This plugin hasn’t been updated in over 2 years. It may no longer be maintained or supported and may have compatibility issues when used with more recent versions of WordPress.



The TextImage plugin for WordPress displays your post text as a PNG image instead of sending it to the browser as normal HTML. You can specify the text color, background color, font, font size, and image width you want to use.

Any text in your post enclosed between <textimage> and</textimage> tags will be displayed as an image.

Why would you want to do this? Text rendered as an image cannot be read by most robots and filters. TextImage can help ensure that your posts won’t be found by search engines and the like. If you want your posts to have the widest audience possible, TextImage probably isn’t for you. If you want to maintain a weblog for a private community and keep a low profile, TextImage might help.

If you just need an occasional TextImage and don’t want to install the plugin, just go to where you can use the free web service to create your image.

The idea for the TextImage plugin came to me when I read about the Great Firewall of China ( see This Internet censorship regime uses automated filtering to accomplish most of its dirty work. Something like TextImage might help get real information past this kind of robotic tyranny, though of course it will be useless against human censors.

TextImage does not alter your post or change anything in your database, except its own configuration options. If you deactivate the TextImage plugin your posts will display normally.

Version 0.22 is a minor upgrade. The settings page now lets you specify the directory to search for fonts. This version also has code to circumvent a bug in WordPress 2.7.1 which caused TextImage (and many other plugins) to stop working under PHP 4.

Version 0.21 corrected an error in the plugin URI. If you used the “plugin homepage” link to download version
0.2, you got a previous version instead; please download again.


TextImage requires the gd module for PHP. If phpinfo() has a section for the gd module, you’re probably OK. On my CentOS
4.3 server, I used the command ‘yum install php-gd’ to get the correct module installed. TextImage tries to detect whether
gd is installed, and if it isnít, TextImage won’t try to change the way WordPress displays your posts.

TextImage also needs TrueType fonts. These are files with the extension .ttf. There are probably hundreds of them on your Windows machine under /windows/fonts. There are also websites that sell TrueType fonts, or let you download them for free.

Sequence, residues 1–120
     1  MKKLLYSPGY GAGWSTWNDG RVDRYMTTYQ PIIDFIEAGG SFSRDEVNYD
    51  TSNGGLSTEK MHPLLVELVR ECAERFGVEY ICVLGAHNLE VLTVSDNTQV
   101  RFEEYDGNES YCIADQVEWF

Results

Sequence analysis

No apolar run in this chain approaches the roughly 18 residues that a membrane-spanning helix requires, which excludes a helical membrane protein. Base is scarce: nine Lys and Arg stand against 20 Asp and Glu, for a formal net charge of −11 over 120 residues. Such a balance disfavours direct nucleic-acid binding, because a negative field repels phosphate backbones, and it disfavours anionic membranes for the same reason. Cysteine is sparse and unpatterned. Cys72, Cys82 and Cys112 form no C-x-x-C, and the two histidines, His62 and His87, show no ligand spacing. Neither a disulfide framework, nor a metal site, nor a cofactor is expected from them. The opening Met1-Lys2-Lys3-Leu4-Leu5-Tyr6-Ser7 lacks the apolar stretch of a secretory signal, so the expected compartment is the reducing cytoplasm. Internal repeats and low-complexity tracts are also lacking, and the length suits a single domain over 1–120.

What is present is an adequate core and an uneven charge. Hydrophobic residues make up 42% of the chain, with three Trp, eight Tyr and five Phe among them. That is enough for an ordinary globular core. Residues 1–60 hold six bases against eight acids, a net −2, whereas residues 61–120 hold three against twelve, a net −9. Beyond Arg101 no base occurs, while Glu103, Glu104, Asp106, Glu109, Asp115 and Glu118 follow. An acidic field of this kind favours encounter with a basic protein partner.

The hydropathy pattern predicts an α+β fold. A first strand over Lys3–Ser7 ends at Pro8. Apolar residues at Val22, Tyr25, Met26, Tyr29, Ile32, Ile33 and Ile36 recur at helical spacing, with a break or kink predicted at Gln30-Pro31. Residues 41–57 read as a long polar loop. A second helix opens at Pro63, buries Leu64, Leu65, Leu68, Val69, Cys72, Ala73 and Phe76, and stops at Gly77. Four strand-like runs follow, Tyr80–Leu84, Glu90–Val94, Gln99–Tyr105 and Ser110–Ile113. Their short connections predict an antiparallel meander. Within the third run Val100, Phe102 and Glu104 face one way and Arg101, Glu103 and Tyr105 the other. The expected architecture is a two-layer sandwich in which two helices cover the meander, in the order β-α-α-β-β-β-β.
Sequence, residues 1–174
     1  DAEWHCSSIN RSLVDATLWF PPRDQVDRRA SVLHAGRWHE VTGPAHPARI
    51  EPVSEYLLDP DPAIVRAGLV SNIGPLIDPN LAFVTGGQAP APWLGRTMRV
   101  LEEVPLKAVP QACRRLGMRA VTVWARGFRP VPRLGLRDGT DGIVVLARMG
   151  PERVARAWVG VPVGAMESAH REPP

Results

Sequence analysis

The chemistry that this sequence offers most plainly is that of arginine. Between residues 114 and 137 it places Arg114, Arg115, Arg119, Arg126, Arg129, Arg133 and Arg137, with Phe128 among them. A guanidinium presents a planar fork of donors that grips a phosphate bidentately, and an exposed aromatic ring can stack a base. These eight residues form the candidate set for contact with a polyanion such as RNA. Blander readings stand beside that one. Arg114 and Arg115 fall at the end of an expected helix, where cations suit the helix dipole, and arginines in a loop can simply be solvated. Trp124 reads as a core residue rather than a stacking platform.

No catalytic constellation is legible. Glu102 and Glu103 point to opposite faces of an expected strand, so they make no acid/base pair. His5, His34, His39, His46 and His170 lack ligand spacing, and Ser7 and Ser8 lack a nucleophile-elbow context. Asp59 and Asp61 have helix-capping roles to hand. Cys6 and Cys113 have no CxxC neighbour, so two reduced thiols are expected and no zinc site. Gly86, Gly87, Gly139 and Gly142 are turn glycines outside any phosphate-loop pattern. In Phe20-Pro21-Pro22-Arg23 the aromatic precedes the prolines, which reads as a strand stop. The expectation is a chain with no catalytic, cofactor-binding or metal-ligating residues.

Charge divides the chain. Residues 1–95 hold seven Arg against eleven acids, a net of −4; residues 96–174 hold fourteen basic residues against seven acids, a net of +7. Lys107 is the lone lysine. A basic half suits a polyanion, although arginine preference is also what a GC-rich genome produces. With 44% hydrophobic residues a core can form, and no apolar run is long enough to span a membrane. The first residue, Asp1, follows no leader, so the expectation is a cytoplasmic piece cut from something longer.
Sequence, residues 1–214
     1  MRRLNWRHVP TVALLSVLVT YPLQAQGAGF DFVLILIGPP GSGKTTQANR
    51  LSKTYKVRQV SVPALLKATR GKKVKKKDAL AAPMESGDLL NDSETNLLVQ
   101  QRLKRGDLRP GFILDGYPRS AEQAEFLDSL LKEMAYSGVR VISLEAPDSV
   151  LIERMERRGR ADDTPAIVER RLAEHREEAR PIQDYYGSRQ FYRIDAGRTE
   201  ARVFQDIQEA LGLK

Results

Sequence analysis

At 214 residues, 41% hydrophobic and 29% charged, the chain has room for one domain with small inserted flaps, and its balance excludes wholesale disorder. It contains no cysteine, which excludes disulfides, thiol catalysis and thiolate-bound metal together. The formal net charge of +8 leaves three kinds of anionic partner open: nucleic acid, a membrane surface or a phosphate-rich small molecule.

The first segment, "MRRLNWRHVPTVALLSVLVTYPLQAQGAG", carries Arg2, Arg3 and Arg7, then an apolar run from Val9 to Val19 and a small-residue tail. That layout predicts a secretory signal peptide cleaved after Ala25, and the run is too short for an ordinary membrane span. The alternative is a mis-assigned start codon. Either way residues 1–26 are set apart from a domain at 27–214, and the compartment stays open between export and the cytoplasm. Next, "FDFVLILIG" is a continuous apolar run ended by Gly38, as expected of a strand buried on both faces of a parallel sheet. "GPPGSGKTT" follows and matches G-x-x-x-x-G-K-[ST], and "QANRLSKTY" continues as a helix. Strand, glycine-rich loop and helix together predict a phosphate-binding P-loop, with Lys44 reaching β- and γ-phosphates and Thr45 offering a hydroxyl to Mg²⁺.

If your Linux server has a graphical interface installed, it probably also has some TrueType fonts. TextImage looks for them under /usr/shared/fonts. If your fonts arenít there you will need to change the value of the variable $textimage_font_directory at the top of textimage_wp.php.


TextImage needs an image cache directory where WordPress can write the image files. If you create this in wp-content and give it the same permissions it should work.

TextImage also needs the URL to reach this directory. This doesn’t need the http:// – for example, /blog/wp-content/cache/

Enter text and background colors as 6-digit hex RGB values. 0xff0000 is red, 0x00ff00 is green, and 0x0000ff is blue.

TextImage expects to find .ttf font files in /usr/share/fonts. If your fonts are somewhere else, specify a different directory on the configuration page. TextImage will recursively search directories under the one you specify to find font files.


TextImage does not render HTML: it can’t apply multiple fonts, bolding and italics (unless everything is bold or italic), or
other fancy formatting to your post. You get one font in one size and color. You can, however, force line breaks by using carriage returns.

TextImage strips html tags from your post before it renders the image. It does not, however, modify the actual post. If you disable TextImage, all your HTML will work as before.

The current word-wrap algorithm sometimes makes lines shorter than they need to be.

TextImage renders only posts as images. Titles, comments, and all other content are unaffected.

TextImage receives only the most basic testing. Please report any problems by commenting on the TextImage blog at


  1. In addition to the normal WordPress requirements, TextImage requires gd and TrueType fonts. See “Requirements” for details.
  2. Upload textimage.php and wrapped_text_image.php to the /wp-content/plugins/ directory
  3. Activate the plugin through the ‘Plugins’ menu in WordPress
  4. Set your desired options in the Options->Textimage Plugin screen



Contributors & Developers

“TextImage” is open source software. The following people have contributed to this plugin.


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